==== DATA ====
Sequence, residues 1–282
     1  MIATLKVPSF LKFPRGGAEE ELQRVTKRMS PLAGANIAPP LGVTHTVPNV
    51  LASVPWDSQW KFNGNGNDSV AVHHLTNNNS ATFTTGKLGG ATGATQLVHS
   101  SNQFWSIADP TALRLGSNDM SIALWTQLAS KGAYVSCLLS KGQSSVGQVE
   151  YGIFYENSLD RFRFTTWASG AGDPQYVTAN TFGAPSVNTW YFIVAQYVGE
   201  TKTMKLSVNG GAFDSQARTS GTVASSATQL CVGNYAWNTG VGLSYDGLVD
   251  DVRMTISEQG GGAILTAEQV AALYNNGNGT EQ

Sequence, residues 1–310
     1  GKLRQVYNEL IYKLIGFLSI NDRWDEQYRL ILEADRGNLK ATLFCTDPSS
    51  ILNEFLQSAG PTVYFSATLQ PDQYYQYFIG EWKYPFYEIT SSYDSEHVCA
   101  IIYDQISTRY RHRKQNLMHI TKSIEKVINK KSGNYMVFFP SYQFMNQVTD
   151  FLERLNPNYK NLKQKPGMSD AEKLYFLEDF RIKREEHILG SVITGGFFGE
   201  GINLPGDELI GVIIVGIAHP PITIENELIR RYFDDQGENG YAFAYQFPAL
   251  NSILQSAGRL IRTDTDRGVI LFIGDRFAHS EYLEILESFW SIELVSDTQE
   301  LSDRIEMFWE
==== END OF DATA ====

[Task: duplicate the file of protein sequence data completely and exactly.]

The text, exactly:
Sequence, residues 1–282
     1  MIATLKVPSF LKFPRGGAEE ELQRVTKRMS PLAGANIAPP LGVTHTVPNV
    51  LASVPWDSQW KFNGNGNDSV AVHHLTNNNS ATFTTGKLGG ATGATQLVHS
   101  SNQFWSIADP TALRLGSNDM SIALWTQLAS KGAYVSCLLS KGQSSVGQVE
   151  YGIFYENSLD RFRFTTWASG AGDPQYVTAN TFGAPSVNTW YFIVAQYVGE
   201  TKTMKLSVNG GAFDSQARTS GTVASSATQL CVGNYAWNTG VGLSYDGLVD
   251  DVRMTISEQG GGAILTAEQV AALYNNGNGT EQ

Sequence, residues 1–310
     1  GKLRQVYNEL IYKLIGFLSI NDRWDEQYRL ILEADRGNLK ATLFCTDPSS
    51  ILNEFLQSAG PTVYFSATLQ PDQYYQYFIG EWKYPFYEIT SSYDSEHVCA
   101  IIYDQISTRY RHRKQNLMHI TKSIEKVINK KSGNYMVFFP SYQFMNQVTD
   151  FLERLNPNYK NLKQKPGMSD AEKLYFLEDF RIKREEHILG SVITGGFFGE
   201  GINLPGDELI GVIIVGIAHP PITIENELIR RYFDDQGENG YAFAYQFPAL
   251  NSILQSAGRL IRTDTDRGVI LFIGDRFAHS EYLEILESFW SIELVSDTQE
   301  LSDRIEMFWE